I’ve gone to several events at the Georgia Dome this year. That facility is about as old as the Fulton County Jail. In fact, my son and I just went to the Chik-Fil-a Bowl there to watch the Texas A&M game. The locks seemed to work. We were only allowed into designated areas. It was cold and rainy out, but things were comfy under the dome. There were 67,000 people there, but there were seats to spare. Everybody seemed to have enough to eat and drink. There was ample security. You could text a message to a particular number if a problem arose. Little toy cows were parachuted to lucky fans from the rafters and from a remote controlled blimp. The City of Atlanta has kept things running well. And yet …

… And yet, local officials have found a way to fund and even better stadium. This one will be even cooler than the perfectly good one we already have, and the roof will open and close.

Meanwhile the Fulton County Sheriff prepares for another contempt hearing because his office can’t figure out how to get the locks to work in the jail.

Relay.jpgThe August break for the Supreme Court of Georgia is over. The Court is back in full swing next week with two days of oral argument to be followed by more argument the week after next. Earlier this week,famed convicted murderer Lynn Turner was found dead in her cell at Metro State Prison. What do these two events have in common? Georgia Supreme Court Public Information Officer Jance Hansen has reported on them both.

My ritual for Oral Argument at the Supreme Court of Georgia always include picking up on argument day and reviewing on the internet the fantastic case summaries that Ms. Hansen’s office provides. The summaries let me know who else is there and that kind of cases are going to be argued that day. I quickly figure out whether I want to go into the courtroom watch the cases before mine or stay in the lawyer’s lounge and monitor my turn in line from there. Invariably, the summaries make me want to watch them all, even the real estate and will contest cases.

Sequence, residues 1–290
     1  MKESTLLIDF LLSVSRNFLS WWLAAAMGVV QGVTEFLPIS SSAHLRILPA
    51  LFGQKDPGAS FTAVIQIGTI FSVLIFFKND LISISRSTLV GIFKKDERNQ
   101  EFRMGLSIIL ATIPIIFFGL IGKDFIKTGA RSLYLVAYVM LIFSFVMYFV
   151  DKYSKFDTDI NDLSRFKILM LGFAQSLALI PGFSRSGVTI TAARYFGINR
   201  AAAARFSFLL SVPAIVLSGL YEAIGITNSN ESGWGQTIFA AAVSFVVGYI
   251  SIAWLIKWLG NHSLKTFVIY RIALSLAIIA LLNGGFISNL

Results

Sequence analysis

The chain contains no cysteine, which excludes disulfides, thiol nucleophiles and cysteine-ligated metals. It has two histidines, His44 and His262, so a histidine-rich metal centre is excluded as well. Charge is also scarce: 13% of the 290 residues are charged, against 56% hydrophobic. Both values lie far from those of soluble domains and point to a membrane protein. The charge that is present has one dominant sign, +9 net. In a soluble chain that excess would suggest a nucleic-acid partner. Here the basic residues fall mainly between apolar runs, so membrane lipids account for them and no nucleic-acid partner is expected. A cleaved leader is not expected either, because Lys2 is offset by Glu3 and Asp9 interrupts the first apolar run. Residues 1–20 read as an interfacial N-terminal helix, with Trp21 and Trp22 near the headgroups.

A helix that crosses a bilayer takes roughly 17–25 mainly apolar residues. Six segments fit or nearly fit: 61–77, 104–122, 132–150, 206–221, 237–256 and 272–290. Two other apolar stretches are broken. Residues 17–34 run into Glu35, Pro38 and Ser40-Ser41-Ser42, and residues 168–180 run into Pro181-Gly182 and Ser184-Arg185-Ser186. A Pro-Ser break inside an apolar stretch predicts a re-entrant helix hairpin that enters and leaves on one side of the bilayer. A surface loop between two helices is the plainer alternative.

The other thing I like about Ms. Hansen’s summaries is that she manages to make every case sound close and interesting. Every case is high drama in those summaries. Even when I am there with less than high hopes, those summaries make me feel like the case is close.

Back when Lynn Turner was on trial for the poisoning deaths of her husband and former boyfriend, Ms. Hansen covered those trial for The Atlanta Journal-Constituion. In the wake of her sudden death (cause unknown — toxicology tests pending), Ms. Hansen was interviewed by the AJC to recall her days covering Ms. Turner’s criminal trials.

Once again, she showed her command of the basic with her same open mind, remembering what it was like to consider the possibility of a defense verdict in both cases. She said:

I never presumed she was guilty or that she was going to be convicted. I always believed maybe the jury would hear something I didn’t know. Even when I talked to other reporters and they said, “you know she’s guilty,” I always presumed there might be something that would prove her innocence.

In this statement, I hear the voice of the person who writes those case summaries. Of course, she reports that Ms. Turner once offered her a piece of gum during a break at trial. And there we learned the limits of her open mind. She opted not to chew the gum.

What’s my point? Are you knee deep in a case that feels hopeless? Have you already made up your mind that you have a losing position but you’re headed into a trial or an appeal because your client insists or because there’s no offer on the table? Maybe it’s time to channel your inner Jane Hansen. Sit down and pretend you are writing a press release that conveys the story of both sides with just the facts. Are there two competing stories with a result still up in the air?

Maybe when you write it and read it, you’ll realize that it’s closer than you think. Jane Hansen does it with every case that’s argued, and they all look close on paper.